Owning a store was a second career that would serve his family well, offering job opportunities and a revenue source for his wife and sons.
“My father’s parents were in the grocery business,” Estelle says. “They built up the business and owned three stores. My father worked in the store growing up. Then when he became an attorney he went to school at night and helped in the store during the day.”
Estelle says, “Our store was our future. It wasn’t the future we anticipated, but our lives were not destroyed. We carried on.”
In fact, it was her future husband, Ed O’Connell, who was there for her from the moment the tragedy struck. “He came into my life the night my father was killed,” Estelle says. “I knew he was the one for me. I was dating several boys, and Ed was there through it all. We had 56 years of a happy marriage after that.”
November 5, a Day That Will Live in Dignity
“I grew up in Bayonne,” Estelle says. “My whole family was there, in three square miles; we all lived there, cousins, aunts, uncles. Getting together, that was happiness. That’s what I remember about Bayonne. I thought everyone had a family like this. That’s not the case; I’m blessed.”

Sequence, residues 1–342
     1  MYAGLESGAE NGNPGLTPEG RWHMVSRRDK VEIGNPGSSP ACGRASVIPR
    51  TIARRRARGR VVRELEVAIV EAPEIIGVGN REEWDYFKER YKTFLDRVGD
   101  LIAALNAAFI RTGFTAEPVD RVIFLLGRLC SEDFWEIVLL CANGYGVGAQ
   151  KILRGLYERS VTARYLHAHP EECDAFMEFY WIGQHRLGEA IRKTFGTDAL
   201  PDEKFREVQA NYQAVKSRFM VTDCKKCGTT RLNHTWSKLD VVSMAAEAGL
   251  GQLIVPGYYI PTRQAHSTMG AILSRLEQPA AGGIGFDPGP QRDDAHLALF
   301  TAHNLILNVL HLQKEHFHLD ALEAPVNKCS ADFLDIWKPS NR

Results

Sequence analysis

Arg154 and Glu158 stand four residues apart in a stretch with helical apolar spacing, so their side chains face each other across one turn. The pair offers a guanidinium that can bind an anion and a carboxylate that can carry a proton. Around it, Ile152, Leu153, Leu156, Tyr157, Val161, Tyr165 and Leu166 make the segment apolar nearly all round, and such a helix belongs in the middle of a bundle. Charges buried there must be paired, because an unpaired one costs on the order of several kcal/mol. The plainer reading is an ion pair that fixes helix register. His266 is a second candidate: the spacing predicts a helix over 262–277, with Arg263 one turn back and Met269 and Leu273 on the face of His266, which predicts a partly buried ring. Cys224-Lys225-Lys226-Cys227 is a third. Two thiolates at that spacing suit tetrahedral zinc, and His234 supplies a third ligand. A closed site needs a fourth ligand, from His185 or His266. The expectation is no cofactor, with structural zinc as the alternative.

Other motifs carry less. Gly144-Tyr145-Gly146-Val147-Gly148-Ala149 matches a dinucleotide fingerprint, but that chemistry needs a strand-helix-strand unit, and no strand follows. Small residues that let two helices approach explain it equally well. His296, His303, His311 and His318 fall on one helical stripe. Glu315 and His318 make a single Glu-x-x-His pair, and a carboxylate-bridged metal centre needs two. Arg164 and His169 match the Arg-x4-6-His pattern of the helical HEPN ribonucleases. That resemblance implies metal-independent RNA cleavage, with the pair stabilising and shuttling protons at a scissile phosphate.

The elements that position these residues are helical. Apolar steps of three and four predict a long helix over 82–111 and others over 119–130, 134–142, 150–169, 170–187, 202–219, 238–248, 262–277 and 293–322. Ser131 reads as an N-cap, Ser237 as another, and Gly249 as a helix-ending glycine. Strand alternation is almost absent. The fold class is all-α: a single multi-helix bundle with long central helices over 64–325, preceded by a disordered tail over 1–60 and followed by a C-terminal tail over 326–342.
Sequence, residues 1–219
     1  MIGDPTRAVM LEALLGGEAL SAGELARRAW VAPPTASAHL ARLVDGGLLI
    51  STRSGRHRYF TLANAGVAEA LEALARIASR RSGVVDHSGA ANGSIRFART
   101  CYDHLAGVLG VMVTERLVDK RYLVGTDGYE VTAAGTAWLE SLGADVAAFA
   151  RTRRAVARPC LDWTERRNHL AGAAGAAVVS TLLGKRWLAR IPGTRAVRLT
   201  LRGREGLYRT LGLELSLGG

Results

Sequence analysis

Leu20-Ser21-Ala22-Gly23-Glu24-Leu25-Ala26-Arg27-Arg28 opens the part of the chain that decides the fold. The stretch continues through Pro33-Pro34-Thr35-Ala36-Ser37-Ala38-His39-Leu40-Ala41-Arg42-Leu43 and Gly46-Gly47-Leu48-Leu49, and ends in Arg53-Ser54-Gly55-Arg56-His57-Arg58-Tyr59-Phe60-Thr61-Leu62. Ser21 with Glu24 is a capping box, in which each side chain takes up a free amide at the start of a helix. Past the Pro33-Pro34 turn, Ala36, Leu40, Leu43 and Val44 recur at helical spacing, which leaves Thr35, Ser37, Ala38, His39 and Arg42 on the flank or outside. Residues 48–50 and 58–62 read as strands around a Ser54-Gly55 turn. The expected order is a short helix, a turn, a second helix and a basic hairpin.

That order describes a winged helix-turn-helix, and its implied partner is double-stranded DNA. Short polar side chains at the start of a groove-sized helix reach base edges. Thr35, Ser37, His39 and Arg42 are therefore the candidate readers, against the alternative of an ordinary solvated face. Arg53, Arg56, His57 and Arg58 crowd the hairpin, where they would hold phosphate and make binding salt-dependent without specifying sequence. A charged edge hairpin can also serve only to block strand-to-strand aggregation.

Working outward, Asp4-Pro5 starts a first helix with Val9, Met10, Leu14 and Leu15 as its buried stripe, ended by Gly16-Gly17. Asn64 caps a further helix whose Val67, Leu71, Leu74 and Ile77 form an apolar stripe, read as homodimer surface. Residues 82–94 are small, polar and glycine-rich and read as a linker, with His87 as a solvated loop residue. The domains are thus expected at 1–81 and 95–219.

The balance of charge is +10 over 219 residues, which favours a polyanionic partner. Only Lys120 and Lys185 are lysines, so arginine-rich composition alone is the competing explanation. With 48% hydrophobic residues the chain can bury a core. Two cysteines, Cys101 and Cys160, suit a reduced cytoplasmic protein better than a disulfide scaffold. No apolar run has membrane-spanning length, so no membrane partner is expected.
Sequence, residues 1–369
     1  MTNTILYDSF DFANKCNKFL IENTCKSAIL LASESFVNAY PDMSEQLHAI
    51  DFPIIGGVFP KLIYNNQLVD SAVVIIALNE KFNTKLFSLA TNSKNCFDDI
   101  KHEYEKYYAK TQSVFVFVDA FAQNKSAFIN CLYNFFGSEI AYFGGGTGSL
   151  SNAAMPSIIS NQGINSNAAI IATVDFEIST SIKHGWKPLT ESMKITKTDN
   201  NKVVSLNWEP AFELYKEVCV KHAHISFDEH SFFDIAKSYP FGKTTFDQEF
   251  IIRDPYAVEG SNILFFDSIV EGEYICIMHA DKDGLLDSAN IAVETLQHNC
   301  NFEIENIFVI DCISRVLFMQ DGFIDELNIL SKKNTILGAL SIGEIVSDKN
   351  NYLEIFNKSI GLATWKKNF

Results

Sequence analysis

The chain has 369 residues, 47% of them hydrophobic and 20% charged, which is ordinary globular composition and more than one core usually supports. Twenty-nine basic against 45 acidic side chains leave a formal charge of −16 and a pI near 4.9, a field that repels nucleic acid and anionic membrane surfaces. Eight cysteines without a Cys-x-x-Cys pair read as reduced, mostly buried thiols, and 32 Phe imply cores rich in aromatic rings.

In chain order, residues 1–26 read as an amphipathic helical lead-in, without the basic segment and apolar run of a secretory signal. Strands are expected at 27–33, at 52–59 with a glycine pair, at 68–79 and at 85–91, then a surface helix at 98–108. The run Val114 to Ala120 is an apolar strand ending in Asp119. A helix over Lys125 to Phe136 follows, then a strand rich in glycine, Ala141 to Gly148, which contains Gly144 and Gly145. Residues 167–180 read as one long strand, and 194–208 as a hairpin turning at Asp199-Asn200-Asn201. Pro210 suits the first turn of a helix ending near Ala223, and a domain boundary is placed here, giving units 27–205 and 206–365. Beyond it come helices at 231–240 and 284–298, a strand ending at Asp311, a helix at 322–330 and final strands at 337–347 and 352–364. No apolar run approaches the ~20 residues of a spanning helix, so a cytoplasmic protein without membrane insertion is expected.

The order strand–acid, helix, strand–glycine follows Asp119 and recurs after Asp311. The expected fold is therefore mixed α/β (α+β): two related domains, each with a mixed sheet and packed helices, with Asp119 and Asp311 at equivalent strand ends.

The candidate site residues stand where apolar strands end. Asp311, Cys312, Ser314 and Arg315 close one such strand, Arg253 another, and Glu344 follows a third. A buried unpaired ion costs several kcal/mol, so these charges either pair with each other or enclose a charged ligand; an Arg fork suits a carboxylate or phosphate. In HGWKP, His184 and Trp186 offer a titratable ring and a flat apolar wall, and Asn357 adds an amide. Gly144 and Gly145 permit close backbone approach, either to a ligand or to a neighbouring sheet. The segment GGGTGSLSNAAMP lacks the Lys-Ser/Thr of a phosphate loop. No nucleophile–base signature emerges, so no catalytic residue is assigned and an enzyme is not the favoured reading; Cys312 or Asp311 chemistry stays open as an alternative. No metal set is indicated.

Estelle has visited a few times since moving out of town. “I was so happy to see changes have been made, but for the good. It looks lovely. The house we lived in has a new porch and landscaping.”
Mt. Carmel Church, she says “was gorgeous.” The church played a major role in the lives of her family members. Her grandparents were married there on Nov. 5, 1907. Her parents were married there on Nov. 5, 1938. Estelle and Ed were married there on Nov. 5, 1960.
“We have a legacy of marriage in that church on that day,” she says.
On Nov. 5, 2017, there was a Mass celebrating her father’s life. This was during a weekend reunion which featured a dedication of her father’s portrait and a citation to the City of Bayonne. “The church looked beautiful and was packed,” Estelle says. “People participated. It was a wonderful feeling. This is the way I remember Bayonne.”
Many still remembered her father. “He was respected and admired by judges and other attorneys in the system,” Estelle says. “It was touching to me to see two former mayors of Bayonne and several members of the law department. They remembered him and actually worked with him. They were filled with glowing things to say about him.”
In 2014, a retired New Jersey State Trooper named John O’Rourke published The Jersey Shore Thrill Killer, a true-crime account of the murderer who killed Stephen Sladowski. Estelle has high praise for the book and its author. In writing this story, I, too, learned details about the crime from him. But it was O’Rourke’s book that spurred Estelle to tell a different story.
“I always felt that I wanted to do something with my father’s story,” Estelle says. “When John’s book came out, I didn’t want my father to be remembered for the way he died but for the way he lived. This was a very worthwhile life, a significant life extinguished by evil.”
In the end, she says, “Faith and love prevailed over all that evil.”—Kate Rounds .